Just about everybody knows that Quaker William Penn was given Pennsylvania in 1681 by the King of England to pay a debt owed to his late father, Sir William Penn (Admiral of the British Navy) who fought for the crown and was a particular friend of the royal Stuarts. Curiously, young William (though considered a religious renegade and often in jail) remained on good terms with his king and the Duke of York (the king’s brother, who owned, but relinquished, the land to pay the debt). But not many know that in 1675, six years earlier, the younger Penn, without leaving England, had helped to settle an argument between two Quaker landowners in West New Jersey. This provided him the opportunity to foreshadow things to come when he wrote a liberal frame of government, “Concessions and Agreements of the Proprietors, Freeholders and Inhabitants of West Jersey in America,” emphasizing freedom of conscience and planting seeds of a new order…the Novus ordo seclorum…from which we benefit and acknowledge every time we salute the flag and the republic with “liberty and justice for all.”
As he received reports from New Jersey so Penn learned about the Delaware Valley, how rich the soil, how well-wooded the countryside, how plentiful the game and fish. George Fox, founder of the Society of Friends (Quakers) had traveled from Maryland to Long Island in 1672, dreaming all the while of a refuge for his beleaguered followers. As early as 1661, Parliament passed an act labeling Quakers with their uncomfortable penchant for speaking truth to power, as “dangerous and mischievous,” and real persecution of Friends began.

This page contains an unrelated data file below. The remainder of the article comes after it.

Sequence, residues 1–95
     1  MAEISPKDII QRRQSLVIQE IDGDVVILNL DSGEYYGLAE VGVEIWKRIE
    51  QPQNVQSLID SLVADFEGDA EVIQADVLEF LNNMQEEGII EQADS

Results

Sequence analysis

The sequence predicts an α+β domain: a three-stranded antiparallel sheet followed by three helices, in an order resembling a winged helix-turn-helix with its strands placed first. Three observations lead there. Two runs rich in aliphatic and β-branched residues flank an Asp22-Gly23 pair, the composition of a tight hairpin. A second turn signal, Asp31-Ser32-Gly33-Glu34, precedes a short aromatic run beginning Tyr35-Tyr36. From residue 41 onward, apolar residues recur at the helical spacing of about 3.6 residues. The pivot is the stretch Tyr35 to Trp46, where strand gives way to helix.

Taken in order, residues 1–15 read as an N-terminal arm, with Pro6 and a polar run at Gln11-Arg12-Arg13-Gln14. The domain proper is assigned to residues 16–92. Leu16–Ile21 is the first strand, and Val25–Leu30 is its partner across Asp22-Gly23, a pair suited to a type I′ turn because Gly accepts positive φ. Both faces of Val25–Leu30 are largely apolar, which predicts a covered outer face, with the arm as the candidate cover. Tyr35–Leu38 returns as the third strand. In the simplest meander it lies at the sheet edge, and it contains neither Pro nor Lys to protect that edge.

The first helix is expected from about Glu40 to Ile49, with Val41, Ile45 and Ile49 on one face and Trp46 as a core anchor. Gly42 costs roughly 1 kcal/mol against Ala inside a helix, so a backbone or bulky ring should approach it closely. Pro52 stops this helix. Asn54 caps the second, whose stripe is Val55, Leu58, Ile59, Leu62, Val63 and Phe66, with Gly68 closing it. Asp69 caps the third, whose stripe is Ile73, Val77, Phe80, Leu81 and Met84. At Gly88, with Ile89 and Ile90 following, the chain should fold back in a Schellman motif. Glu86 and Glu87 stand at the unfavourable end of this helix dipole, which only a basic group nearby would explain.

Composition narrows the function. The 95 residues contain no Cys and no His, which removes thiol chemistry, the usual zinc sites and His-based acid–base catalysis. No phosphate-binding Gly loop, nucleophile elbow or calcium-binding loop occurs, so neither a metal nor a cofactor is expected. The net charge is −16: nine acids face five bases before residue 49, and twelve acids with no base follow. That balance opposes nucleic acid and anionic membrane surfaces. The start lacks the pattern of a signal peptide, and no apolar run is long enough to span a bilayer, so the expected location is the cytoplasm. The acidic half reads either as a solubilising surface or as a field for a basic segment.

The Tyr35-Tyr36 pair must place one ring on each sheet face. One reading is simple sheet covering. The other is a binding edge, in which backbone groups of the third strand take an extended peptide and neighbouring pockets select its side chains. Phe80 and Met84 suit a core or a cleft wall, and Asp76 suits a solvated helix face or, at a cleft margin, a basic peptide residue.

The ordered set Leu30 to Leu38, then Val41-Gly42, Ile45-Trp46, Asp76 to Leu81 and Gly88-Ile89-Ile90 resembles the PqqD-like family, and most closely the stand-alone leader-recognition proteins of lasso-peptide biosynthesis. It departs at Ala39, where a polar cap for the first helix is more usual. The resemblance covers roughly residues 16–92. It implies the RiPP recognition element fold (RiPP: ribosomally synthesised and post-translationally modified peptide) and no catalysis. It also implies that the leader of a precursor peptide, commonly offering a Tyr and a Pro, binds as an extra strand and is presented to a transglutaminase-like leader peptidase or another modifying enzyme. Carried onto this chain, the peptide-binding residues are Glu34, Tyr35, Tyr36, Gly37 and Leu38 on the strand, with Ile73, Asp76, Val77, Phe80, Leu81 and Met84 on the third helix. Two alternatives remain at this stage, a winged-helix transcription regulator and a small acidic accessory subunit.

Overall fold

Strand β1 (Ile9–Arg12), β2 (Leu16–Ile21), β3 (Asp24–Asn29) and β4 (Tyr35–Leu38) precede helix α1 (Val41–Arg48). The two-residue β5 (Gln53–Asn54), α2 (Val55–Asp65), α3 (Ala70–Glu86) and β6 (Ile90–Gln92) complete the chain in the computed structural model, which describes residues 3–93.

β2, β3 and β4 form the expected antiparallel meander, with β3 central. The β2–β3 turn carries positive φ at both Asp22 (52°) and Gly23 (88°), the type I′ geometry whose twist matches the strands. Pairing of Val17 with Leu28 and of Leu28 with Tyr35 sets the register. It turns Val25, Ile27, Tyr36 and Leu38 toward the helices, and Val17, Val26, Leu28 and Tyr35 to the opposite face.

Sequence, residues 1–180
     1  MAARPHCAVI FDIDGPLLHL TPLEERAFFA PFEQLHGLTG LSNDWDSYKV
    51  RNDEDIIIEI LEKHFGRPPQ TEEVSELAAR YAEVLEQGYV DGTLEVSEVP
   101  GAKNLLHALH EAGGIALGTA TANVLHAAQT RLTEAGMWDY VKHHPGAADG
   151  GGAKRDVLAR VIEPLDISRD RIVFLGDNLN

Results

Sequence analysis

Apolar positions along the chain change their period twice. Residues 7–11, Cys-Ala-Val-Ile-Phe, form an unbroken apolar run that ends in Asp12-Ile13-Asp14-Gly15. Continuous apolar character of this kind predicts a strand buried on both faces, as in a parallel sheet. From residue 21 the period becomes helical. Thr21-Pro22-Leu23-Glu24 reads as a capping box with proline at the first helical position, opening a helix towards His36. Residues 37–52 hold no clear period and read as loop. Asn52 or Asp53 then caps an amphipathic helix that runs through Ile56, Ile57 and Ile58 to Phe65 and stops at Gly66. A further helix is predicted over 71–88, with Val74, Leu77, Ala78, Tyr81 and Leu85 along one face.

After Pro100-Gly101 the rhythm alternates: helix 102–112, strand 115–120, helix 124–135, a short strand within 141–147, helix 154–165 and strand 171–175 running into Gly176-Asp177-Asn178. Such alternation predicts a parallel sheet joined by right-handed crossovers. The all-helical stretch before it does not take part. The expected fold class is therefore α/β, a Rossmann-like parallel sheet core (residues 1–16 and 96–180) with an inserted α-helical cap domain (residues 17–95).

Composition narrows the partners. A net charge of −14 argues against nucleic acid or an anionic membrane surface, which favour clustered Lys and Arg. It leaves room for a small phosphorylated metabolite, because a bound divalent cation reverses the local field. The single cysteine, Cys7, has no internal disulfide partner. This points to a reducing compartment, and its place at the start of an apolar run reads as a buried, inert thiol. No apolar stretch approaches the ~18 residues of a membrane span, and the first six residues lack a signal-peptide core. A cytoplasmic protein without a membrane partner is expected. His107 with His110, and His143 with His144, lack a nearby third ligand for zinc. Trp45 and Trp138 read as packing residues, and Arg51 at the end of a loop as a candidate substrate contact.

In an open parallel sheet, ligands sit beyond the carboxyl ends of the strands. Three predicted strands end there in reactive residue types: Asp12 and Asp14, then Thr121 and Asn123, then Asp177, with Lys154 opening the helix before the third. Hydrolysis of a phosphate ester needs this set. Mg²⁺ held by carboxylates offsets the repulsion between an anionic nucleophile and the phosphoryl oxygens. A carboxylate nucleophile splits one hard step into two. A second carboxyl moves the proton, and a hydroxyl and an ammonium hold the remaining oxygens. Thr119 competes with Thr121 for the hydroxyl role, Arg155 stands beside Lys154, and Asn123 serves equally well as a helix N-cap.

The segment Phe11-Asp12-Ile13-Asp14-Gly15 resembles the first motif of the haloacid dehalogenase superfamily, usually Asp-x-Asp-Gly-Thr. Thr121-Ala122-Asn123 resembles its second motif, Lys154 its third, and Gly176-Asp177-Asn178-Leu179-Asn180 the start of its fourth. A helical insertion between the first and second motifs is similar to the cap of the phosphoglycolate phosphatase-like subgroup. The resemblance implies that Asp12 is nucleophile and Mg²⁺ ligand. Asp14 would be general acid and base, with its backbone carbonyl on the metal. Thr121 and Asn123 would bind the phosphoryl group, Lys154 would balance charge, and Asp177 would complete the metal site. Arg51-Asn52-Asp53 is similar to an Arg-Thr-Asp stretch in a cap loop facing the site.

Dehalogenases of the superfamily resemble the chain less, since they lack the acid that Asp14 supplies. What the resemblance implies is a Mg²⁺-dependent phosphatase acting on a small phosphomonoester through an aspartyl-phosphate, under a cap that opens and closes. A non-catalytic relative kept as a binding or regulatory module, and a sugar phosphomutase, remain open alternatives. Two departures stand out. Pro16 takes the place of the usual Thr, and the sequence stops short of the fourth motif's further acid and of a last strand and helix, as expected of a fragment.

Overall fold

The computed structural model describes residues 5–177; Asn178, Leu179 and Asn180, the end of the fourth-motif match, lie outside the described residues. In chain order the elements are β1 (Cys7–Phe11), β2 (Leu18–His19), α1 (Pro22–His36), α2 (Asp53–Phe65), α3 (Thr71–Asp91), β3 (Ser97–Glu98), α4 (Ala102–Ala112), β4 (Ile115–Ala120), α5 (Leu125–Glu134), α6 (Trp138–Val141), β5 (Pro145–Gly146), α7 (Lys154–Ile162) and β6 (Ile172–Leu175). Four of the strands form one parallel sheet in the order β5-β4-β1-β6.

Consequently, when William Penn petitioned the king for the grant of land that turned out to be almost as big as England, it was at least partly to be a refuge for the persecuted. In 1681 the Great Charter, boldly inscribed on pages of large parchment today in Pennsylvania’s state archives and displayed on Charter Day (March 4), gave into Penn’s hands what he intended to name “New Wales,” but the king’s secretary called “Pennsylvania” to honor his father.
Penn also advertised his American lands widely on the Continent and throughout Britain and caught the attention of merchants, farmers, artisans, educated gentlemen intrigued by “liberty of conscience,” as well as those simply seeking wealth, who together created a colony that became a seedbed for a new nation one hundred years in the future.